Above Gorse in seed at Mt Clear in 2020.
Gorse is an upright, woody shrub with bright yellow flowers that can produce huge numbers of seeds. The seeds spread rapidly and can remain dormant in the soil for up to 30 years. Gorse is one of the worst weeds in Victoria. It degrades pasture and creates habitat for rabbits, foxes, and feral cats. It is a tough weed to tackle and requires ongoing vigilance.
The Ararat Landcare Group (ALG) and Upper Hopkins Land Management Group (UHLMG) have been working with industry partners to reduce the spread of gorse in the region since the early 2000s. It is a project that has required dedication and persistence from many Landcarers.
Initially, the gorse was so tall and dense that it was impossible to walk through and Cemetery Creek was completely covered. The Ararat Prison Community Support Gang worked to clear heavy infestations of gorse in 2002, which enabled access to Cemetery Creek so the gorse control program could continue.
TRecently, a Working for Victoria work crew from Glenelg Hopkins CMA has assisted with gorse control on crown land around Ararat.
Now that gorse has been controlled in and around Ararat, the native vegetation can flourish.
The existing native vegetation has been supplemented by tree planting projects by Landcarers, high school students and other community members. The landscape in the Flint Hill Reserve has also been significantly improved.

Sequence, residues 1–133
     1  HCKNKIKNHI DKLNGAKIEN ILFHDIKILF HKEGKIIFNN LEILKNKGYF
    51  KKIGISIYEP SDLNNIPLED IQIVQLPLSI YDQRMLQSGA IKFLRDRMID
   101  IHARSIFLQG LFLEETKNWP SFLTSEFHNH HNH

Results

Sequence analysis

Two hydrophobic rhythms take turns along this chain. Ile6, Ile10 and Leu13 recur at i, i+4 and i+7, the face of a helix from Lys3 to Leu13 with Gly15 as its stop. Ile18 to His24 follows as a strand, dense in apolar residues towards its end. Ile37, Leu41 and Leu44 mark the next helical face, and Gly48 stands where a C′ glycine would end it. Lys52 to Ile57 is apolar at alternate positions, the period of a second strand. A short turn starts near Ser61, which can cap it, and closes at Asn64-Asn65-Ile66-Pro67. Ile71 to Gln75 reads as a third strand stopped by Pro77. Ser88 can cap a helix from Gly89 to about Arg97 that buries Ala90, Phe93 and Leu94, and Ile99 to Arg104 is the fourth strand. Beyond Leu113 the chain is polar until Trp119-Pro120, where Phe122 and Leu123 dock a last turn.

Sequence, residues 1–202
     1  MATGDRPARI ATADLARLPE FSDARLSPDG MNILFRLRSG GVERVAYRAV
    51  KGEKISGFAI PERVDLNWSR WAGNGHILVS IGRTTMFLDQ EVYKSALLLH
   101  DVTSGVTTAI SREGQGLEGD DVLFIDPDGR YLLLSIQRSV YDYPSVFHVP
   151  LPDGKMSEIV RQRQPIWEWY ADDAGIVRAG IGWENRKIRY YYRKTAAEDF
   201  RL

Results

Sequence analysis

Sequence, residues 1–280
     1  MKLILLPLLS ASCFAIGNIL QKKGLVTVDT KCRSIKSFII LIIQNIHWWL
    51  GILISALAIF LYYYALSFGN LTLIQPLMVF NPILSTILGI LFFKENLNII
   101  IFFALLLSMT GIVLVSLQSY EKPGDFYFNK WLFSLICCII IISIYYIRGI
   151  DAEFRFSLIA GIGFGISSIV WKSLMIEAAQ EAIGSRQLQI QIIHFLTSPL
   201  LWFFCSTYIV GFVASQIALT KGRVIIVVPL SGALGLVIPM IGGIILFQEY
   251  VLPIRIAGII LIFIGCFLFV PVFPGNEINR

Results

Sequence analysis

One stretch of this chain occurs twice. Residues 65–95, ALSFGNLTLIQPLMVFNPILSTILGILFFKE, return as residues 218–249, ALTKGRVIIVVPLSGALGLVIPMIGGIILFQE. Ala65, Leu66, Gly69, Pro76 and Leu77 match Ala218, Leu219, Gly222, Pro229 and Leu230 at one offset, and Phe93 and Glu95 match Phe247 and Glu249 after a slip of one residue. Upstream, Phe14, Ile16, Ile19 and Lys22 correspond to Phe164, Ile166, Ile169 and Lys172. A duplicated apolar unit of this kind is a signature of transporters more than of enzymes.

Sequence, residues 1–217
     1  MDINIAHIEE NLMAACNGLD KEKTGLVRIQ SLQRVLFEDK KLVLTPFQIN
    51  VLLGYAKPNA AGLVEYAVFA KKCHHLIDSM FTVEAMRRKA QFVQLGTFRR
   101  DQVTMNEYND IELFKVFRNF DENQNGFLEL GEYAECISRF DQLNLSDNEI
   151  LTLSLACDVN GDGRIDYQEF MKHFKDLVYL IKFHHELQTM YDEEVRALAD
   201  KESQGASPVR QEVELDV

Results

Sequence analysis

Part of the success of the weed control program in Ararat is due to the dedicated volunteers and the partnership between ALG and UHLMG with support and coordination from Peter Forster and Una Allender. This partnership has resulted in control of the gorse infestation around Ararat, on public land, and along key waterways and roadsides. The groups continue to share equipment and knowledge.
John Graham was one of the leaders of Ararat’s gorse eradication program. John was an incredibly active member of the ALG, committing two mornings every week to spraying gorse and other weeds, while carefully avoiding native vegetation. John spent 14 years controlling gorse and training others to identify and control weeds. His efforts have made a remarkable difference.
Other leaders in the war on weeds in the region include Peter Forster, Keith Little, Aileen Banfield and Stephen Hughan.
It is an ongoing challenge to control weeds as they spread along waterways, roadsides, and on private land in the region, and Landcare members continue to monitor the sites and remove gorse by spraying and chipping during their monthly working bees.
Ayesha Burdett is Landcare Facilitator for UHLMG. Ayesha’s position is funded through the Victorian Landcare Facilitator Program.
For more information email Facilitator@upperhopkins.org.au